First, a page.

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Maersk Drilling CEO: We'll takes things as they come

Following a solid result in 2015, the future is starting to look cloudy for Maersk Drilling as contracts from better days are running out, CEO Claus Hemmingsen tells ShippingWatch. The goal is to keep the rigs employed.

Photo: Maersk Drilling

The good old days in the oil industry are still reflected in the annual report for the Maersk Group's drilling company, Maersk Drilling, even though the division's customers - the major oil companies - are announcing mass layoffs and major savings left and right as a result of the low oil price.

At Maersk Drilling, the result increased to USD 751 million in 2015 up from USD 478 million in 2014, and the return on invested capital (ROIC) was boosted to 9.3 percent, an increase form 7.1 percent in 2014. However, the result, which CEO Claus Hemmingsen describes as satisfactory, is related to the majority of the 22 vessels at Maersk Drilling operating on contracts during 2015 which were entered into before the oil price started its drastic decline.

Here is an overview of the Maersk Group annual report 2015

The company currently has a contract coverage of 77 percent for 2016, 52 percent for 2017 and 43 percent for 2018. Claus Hemmingsen does not hide the fact that contracts are now being entered into at very different rates compared to before, and that the drilling company does not project any improvement in the market "in the short or medium-long terms." He declines to speculate on how long this will be.

"There is a reason that we don't predict specific years, but of course it depends on the oil price. But we don't expect that anything will happen in the next few years which will make the relationship between supply and demand change," he tells ShippingWatch and adds:

"We'll take things as they come."

Idling could be necessary

In the meantime, the strategy is the same as before. The rigs must be kept on the water as much as possible in order to maintain employment for both staff and materials.

"I don't want it to sound like I expect that our rigs will be consistently employed over the next few years. There will be periods where we have idle rigs," Claus Hemmingsen says.

At the moment, three out of Maersk Drilling's 22 units are without employment - not including Maersk Guardian, which is under reconstruction to become an accommodation rig for a five-year contract - but including Maersk Venturer, which is headed to a contract off the coast of Uruguay. A suitable solution for the oversupply of drilling rigs characterizing the market could be moving up the scrapping of older rigs, but after Maersk Endurer was sent to scrapping, this is not a strategy that Hemmingsen wants to bet on.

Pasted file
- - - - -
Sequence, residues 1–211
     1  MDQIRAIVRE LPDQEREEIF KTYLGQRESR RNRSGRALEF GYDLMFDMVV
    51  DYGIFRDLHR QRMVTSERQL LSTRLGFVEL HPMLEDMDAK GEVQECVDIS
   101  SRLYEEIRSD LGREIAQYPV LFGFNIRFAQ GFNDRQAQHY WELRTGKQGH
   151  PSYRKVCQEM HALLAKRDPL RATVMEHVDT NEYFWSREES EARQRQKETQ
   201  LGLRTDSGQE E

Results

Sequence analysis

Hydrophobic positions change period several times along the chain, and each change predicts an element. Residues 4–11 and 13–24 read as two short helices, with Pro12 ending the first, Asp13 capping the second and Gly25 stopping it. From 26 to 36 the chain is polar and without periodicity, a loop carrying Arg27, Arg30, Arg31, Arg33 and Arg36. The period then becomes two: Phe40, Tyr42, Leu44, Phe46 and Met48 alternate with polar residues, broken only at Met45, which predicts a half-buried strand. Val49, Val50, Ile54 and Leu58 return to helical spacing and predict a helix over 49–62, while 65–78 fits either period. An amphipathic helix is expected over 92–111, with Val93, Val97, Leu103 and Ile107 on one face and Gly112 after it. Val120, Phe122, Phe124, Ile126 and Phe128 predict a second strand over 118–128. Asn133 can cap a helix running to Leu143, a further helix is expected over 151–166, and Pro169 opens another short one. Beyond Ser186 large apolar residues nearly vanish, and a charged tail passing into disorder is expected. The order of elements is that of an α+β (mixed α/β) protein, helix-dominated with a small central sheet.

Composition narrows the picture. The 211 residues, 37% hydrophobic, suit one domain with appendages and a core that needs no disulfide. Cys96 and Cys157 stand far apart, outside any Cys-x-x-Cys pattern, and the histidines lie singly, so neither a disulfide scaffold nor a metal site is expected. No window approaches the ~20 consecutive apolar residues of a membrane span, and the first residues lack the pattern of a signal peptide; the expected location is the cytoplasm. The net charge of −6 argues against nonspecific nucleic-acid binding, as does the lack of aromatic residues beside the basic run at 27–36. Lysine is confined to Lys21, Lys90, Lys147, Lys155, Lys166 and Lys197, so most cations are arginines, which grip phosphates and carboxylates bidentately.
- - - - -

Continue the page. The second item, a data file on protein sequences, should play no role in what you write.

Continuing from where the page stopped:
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He emphasizes that both of the oldest, remaining rigs in the fleet - Giant and Guardian - have been lifespan-extended and thus have the prerequisites for staying on the market another 5-10 years. With the reconstruction of the Guardian to an accommodation rig, there is also another incentive to keep the sister-rig Giant on the market.

"This provides us with the opportunity to use the spare parts and machinery from Guardian which actually can help make a nice and competitive rig out of Giant," Claus Hemmingsen says, although he does not rule out scrapping.

"Of course, if the market gets even worse, then we will consider how long of a life these rigs should have. But fortunately these are the only two rigs that are even being considered in that respect."

Faith in the future

For the newest portion of the fleet, three out of four newly built drilling vessels, which cost Maersk Drilling about USD 2.6 billion combined, are on long-term contracts, while the last vessel - the previously mentioned Maersk Venturer - is on a four-month contract worth USD 44 million. However, Claus Hemmingsen is optimistic about finding employment when the four months are up.

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"We are having good talks with a couple of oil companies about work over the course of the second half of 2016, but it's not something that has resulted in a contract yet. So theoretically, the vessel will still be free on the market when the four months are up."

Regardless of the uncertainty which obviously affects the forecast of the future oil market, the Drilling CEO does seem to have faith that the market will recover. And before alternative energy sources may make the need for the black gold significantly less.

"The thing about oil fields is that they decline in production. So you have to find new fields and more wells must be drilled just to keep up the current production. And seeing as drilling rigs are getting older, the market will stabilize over time. But the question, of course, is when and how much, and that is what we would prefer not to speculate about right now."

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